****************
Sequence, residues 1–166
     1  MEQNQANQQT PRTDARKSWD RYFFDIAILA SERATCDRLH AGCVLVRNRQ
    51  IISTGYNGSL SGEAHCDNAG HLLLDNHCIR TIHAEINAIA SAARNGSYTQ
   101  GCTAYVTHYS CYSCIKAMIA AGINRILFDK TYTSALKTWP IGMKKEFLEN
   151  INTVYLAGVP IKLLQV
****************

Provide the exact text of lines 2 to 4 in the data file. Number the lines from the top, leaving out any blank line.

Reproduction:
     1  MEQNQANQQT PRTDARKSWD RYFFDIAILA SERATCDRLH AGCVLVRNRQ
    51  IISTGYNGSL SGEAHCDNAG HLLLDNHCIR TIHAEINAIA SAARNGSYTQ
   101  GCTAYVTHYS CYSCIKAMIA AGINRILFDK TYTSALKTWP IGMKKEFLEN